UNDER 30s will no longer be offered a first dose of the AstraZeneca Covid vaccine after evidence of a link with blood clots has become stronger.
But millions of people who have already had their first shot will be wondering if it is safe to get their second one.
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Officials say it is imperative that they do.
UK medicine regulators at the MHRA said that those who have had their first dose of the AstraZeneca vaccine should still get their second dose.
At a briefing this afternoon, experts said only those who suffered a rare blood clot after the first dose should not get vaccinated – which is an extremely small number of people.
England’s deputy chief medical officer Professor Jonathan Van-Tam said: "It remains vitally important that people who are called back for their second dose come for it, and all adults in the UK come forward for vaccination when they are offered it."
Earlier today the Prime Minister Boris Johnson said "it’s very important for everybody to continue to get your second jab when you’re asked to come forward for your turn".
He said the Government believes the Oxford/AstraZeneca vaccine is “safe”.
It comes as:
- The MHRA has said the AstraZeneca Covid vaccine won't be given to under-30s amid blood clot fears.
- European regulators said the AstraZeneca vaccine IS linked to blood clots but it's "very rare" and jab benefits outweigh risks.
- The UK's daily Covid death toll has dropped 45 PER CENT in a month, as 45 more fatalities are recorded today.
Benefits outweigh risks
The conclusions of the MHRA today are that a link between the Oxford-created AstraZeneca vaccine and 79 cases of rare blood clots is "firming up" – but more work is still needed.
Overall the benefits of the vaccine in preventing severe disease and death from Covid continue to outweigh any risks.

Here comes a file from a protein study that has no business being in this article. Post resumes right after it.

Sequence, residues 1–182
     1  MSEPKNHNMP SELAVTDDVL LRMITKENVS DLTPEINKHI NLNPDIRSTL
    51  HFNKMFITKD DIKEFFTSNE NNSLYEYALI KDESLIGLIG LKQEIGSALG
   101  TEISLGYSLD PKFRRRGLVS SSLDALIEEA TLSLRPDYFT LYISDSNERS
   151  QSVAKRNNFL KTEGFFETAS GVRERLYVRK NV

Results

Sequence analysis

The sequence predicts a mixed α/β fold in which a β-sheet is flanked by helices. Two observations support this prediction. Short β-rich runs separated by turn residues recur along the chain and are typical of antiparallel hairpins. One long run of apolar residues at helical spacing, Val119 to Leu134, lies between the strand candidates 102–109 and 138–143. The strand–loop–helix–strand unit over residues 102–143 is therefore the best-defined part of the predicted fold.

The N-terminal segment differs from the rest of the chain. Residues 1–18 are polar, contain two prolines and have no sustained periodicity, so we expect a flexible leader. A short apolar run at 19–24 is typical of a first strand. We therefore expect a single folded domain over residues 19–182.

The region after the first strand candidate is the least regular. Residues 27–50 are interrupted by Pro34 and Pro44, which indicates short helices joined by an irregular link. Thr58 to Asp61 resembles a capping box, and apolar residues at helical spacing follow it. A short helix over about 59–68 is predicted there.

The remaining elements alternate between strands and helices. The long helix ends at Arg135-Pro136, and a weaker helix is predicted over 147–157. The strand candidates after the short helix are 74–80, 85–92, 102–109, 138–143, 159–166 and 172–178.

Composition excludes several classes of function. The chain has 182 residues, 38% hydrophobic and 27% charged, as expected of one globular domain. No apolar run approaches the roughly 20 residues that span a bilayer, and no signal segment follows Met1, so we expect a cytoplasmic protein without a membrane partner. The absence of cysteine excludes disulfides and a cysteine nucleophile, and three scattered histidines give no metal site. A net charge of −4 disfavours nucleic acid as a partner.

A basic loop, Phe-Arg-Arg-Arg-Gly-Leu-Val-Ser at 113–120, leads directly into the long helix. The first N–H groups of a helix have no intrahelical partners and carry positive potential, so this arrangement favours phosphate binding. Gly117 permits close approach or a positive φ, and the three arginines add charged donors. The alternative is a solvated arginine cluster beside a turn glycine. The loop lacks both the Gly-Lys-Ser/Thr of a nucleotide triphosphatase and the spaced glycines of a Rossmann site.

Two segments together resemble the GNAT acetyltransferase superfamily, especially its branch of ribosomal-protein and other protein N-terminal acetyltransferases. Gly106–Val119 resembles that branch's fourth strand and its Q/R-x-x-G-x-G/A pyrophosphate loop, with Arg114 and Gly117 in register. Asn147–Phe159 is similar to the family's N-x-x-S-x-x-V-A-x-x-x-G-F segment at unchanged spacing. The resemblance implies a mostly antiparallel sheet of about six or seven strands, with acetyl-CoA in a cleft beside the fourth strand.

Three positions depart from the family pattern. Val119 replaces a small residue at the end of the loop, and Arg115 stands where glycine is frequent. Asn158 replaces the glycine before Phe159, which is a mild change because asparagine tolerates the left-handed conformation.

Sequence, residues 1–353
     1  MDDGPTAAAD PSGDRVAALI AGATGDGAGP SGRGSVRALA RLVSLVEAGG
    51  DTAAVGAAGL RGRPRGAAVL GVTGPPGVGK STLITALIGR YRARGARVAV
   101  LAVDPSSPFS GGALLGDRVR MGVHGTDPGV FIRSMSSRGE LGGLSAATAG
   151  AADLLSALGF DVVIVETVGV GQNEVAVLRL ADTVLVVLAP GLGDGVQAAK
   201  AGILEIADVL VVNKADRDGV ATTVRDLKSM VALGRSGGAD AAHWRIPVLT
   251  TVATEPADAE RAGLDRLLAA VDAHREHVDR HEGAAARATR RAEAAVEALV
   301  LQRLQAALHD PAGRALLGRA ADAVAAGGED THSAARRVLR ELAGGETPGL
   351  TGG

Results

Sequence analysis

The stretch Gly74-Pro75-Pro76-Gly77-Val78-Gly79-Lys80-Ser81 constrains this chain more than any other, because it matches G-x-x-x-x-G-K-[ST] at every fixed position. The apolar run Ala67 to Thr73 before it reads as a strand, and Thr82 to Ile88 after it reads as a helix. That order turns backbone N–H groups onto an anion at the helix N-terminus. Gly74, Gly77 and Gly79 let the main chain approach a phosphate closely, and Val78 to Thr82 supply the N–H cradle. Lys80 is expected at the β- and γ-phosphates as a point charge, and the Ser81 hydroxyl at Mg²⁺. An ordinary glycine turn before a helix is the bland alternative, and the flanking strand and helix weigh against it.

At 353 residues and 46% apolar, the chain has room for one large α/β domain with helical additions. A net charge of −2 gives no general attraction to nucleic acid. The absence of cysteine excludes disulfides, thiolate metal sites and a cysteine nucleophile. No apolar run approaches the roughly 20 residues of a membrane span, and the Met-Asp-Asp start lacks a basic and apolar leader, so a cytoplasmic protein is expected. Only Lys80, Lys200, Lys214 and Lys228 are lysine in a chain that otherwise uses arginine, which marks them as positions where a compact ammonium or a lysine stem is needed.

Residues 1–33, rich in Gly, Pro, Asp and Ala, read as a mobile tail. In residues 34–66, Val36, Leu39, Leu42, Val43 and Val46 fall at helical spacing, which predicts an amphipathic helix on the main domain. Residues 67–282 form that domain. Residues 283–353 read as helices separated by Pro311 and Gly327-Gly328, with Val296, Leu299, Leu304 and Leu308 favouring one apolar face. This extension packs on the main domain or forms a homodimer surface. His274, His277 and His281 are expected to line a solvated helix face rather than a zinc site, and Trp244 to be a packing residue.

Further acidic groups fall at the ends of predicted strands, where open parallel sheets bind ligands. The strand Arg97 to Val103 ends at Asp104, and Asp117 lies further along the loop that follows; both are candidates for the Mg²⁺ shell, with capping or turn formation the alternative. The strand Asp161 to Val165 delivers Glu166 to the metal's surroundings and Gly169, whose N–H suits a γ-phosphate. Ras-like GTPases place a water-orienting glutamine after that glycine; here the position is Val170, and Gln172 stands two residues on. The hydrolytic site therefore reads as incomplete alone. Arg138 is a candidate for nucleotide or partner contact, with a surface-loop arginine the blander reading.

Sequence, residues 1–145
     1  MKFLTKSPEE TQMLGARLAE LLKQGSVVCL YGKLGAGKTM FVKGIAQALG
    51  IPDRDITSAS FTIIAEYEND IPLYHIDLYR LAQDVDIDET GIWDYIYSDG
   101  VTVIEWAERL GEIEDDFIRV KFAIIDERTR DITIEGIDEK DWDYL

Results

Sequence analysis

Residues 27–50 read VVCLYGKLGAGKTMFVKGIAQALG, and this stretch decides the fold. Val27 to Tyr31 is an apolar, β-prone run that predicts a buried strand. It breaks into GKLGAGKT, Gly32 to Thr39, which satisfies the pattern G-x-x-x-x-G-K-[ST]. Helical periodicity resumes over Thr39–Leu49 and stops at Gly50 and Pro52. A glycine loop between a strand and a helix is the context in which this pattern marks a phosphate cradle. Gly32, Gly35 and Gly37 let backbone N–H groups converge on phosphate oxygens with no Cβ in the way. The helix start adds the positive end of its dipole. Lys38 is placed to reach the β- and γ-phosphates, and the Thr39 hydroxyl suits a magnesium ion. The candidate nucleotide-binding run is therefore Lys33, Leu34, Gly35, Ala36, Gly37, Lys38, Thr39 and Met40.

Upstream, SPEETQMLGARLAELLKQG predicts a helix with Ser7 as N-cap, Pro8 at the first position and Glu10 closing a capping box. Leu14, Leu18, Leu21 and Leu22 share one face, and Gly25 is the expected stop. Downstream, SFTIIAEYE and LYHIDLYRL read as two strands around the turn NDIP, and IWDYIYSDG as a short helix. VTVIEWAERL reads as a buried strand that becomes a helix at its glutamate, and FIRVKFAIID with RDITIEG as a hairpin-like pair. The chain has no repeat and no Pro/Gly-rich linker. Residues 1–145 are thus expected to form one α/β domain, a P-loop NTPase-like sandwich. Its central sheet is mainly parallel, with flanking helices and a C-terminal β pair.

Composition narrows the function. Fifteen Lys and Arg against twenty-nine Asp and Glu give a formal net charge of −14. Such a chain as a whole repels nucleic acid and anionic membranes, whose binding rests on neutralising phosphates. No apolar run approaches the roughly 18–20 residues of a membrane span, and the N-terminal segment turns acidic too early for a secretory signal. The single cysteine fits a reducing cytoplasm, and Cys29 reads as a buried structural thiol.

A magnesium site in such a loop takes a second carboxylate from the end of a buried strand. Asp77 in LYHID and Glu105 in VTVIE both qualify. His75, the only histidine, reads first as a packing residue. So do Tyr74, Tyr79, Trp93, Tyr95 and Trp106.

However, the balance is finer for younger age groups, whose risk of severe Covid disease is much lower.
Therefore, those under 30 will be offered an alternative vaccine.
It came after Europe's drugs watchdog said the clots should be listed as "very rare side-effects" of the jab but that people should continue to take it.
Even if the vaccine is proven to have caused a small number of blood clots, it is regarded as extremely rare.
The MHRA said the risk was four people in every million vaccinated, based on UK reports.
It had only seen blood clots in those given a first dose.
Professor Sir Munir Pirmohamed, chairman of the Commission on Human Medicines, said it was unclear if people could suffer blood clots after two doses.
Because the condition is so rare – and only five million people in the UK have had both doses – the MHRA "can't make a conclusion". However, it will be "monitored closely".
What are the symptoms of rare blood clots linked with the AstraZeneca vaccine?
The MHRA said as a precautionary measure, there are some specific side effects to look out for after an AZ vaccine.
Anyone who has the following symptoms four days or more after vaccination is advised to seek prompt medical advice:
- a new onset of severe or persistent headache, blurred vision, confusion or seizures
- develop shortness of breath, chest pain, leg swelling or persistent abdominal pain,
- unusual skin bruising or pinpoint round spots beyond the injection site
Those being invited for the second dose will be people who are elderly or middle aged, have a medical condition or work in health and social care.